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Comment from Ulrich Keil, MD, PhD, Institute of Epidemiology and Social Medicine, University of Münster, Münster, Germany
I think that one of the first convincing papers on the protective effect of light to moderate alcohol consumption on myocardial infarction was the deductive meta-analysis by M. Maclure published in Epidemiologic Reviews1 . . . in 1993! Maclure analyzed no fewer than 30 prospective cohort studies performed between 1968-1993 on the topic of light to moderate alcohol consumption and fatal and non fatal myocardial infarction. In his so called deductive meta-analysis he took into account that he was dealing with observational studies and not with randomized clinical trials. He concluded that there was clear evidence for a protective effect.
When I was submitting the first paper with German data on alcohol consumption and its relation to CHD and total mortality in a beer drinking population of southern Germany to Epidemiology in 1996, I was afraid that it would not be accepted because the protective effect of alcohol on CHD was already clear. I argued in this paper that the protective effect of alcohol on CHD was nearly as evident as the negative effect of smoking on CHD. The paper was published in 1997.2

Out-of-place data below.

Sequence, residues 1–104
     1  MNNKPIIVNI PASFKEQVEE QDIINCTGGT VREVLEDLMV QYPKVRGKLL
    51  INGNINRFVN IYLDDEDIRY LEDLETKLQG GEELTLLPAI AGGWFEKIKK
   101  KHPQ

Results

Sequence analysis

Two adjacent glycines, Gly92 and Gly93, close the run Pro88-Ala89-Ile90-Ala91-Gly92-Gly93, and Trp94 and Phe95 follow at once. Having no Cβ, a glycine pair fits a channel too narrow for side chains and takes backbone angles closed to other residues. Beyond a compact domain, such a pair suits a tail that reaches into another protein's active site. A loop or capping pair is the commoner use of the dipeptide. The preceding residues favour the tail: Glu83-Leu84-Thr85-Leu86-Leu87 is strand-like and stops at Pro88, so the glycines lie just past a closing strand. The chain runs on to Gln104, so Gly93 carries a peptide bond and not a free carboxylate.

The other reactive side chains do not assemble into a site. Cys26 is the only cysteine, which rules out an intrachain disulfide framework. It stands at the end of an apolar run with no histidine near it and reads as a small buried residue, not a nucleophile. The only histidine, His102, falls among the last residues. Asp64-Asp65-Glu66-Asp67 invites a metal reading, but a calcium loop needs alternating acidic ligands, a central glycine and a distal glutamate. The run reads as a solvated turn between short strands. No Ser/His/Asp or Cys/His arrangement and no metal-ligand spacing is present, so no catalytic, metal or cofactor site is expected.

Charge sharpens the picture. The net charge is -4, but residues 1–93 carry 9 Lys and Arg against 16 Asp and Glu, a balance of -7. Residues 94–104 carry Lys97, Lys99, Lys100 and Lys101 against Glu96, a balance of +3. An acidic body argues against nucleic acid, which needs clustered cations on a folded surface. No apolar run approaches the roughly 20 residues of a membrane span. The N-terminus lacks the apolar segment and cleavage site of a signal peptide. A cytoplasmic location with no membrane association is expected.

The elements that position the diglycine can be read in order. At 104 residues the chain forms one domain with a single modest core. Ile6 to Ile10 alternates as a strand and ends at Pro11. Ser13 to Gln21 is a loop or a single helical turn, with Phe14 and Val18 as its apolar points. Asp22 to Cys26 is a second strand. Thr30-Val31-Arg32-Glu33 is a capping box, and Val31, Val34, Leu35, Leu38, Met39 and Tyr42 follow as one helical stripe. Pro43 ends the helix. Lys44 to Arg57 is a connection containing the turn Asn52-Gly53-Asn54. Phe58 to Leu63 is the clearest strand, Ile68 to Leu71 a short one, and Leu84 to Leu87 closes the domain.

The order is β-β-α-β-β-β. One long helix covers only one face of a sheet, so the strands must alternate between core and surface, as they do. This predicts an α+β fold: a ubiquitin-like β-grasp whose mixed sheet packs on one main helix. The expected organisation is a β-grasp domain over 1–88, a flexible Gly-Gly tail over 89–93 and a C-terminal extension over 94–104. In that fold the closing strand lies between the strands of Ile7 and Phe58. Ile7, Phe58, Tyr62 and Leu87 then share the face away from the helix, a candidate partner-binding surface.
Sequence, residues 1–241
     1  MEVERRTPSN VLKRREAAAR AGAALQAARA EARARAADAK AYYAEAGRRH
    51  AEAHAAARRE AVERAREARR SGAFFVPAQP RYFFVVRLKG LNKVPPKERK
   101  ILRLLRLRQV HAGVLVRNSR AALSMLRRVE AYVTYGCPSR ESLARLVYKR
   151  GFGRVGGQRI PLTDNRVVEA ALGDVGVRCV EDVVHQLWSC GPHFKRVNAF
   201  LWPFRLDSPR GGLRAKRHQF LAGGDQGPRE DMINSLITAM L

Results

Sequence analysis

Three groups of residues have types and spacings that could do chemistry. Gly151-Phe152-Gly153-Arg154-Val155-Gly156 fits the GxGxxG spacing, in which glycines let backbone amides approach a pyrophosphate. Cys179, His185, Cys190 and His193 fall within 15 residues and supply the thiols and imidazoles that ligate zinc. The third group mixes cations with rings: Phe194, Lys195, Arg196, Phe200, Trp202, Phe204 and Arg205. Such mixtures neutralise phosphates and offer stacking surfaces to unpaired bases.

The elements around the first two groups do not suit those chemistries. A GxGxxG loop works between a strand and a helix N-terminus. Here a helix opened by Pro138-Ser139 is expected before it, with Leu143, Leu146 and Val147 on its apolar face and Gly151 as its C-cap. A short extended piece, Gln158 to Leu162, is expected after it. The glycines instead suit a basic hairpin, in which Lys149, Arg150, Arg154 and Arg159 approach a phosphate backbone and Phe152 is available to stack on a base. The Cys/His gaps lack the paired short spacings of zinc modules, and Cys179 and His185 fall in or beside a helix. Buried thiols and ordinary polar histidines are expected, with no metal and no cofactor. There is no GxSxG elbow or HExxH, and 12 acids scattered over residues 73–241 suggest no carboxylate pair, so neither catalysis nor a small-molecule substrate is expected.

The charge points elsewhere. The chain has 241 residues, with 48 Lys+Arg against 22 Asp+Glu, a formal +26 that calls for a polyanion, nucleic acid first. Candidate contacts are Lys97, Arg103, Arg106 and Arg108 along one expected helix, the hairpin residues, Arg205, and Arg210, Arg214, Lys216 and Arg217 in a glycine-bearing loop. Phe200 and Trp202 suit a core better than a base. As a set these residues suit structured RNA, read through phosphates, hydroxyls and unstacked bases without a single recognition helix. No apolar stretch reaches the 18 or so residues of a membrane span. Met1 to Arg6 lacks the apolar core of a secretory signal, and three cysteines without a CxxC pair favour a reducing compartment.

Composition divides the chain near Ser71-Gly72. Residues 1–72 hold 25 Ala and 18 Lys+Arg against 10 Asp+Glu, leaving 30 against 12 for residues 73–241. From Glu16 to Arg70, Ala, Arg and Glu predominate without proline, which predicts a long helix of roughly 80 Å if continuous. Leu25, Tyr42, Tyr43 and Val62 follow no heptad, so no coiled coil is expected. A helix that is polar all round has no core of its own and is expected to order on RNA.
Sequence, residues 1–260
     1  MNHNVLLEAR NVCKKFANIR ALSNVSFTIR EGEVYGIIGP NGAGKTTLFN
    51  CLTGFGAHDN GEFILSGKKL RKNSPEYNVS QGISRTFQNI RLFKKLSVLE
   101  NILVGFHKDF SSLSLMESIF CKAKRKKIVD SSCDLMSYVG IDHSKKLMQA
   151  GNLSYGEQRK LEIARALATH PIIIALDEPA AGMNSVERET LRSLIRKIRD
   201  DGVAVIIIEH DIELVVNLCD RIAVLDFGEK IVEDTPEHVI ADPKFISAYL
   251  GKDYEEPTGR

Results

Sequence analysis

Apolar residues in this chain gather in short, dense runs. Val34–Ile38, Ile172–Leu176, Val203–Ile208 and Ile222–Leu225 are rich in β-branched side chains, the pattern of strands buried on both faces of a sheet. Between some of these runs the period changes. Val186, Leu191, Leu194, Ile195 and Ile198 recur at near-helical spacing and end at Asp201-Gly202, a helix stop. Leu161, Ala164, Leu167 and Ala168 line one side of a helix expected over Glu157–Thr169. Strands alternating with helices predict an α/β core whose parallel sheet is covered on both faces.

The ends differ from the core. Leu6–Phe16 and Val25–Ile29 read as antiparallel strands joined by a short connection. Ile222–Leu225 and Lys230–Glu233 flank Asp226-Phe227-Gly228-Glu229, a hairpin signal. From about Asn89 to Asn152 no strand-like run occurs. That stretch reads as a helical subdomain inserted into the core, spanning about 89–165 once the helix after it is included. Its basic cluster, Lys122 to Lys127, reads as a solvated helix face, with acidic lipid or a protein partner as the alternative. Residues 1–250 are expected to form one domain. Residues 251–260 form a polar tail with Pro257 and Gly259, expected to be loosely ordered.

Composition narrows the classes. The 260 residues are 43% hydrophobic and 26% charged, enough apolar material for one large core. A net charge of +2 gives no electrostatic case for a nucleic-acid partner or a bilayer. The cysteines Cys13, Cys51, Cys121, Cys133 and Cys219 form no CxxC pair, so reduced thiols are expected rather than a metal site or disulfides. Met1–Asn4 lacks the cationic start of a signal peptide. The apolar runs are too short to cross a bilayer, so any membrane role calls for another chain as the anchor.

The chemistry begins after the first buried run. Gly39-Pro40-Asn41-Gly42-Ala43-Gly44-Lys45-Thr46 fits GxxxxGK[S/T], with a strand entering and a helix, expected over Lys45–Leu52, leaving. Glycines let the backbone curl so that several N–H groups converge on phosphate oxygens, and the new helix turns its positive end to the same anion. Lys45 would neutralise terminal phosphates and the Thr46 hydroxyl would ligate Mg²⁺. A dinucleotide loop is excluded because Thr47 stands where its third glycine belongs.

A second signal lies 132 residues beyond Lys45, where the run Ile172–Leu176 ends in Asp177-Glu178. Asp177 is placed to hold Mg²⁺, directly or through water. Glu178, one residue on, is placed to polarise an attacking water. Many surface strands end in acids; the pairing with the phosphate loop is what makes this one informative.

In the same year a paper by Thun, Peto, Lopez, et al,3 based on 490,000 men and women of the huge prospective cohort study from the American Cancer Society, appeared in the NEJM. It clearly showed that men and women who did not drink any alcohol but smoked had the highest all-cause mortality, while men and women who did not smoke but consumed alcohol had the lowest all-cause mortality. The other groupings were in between.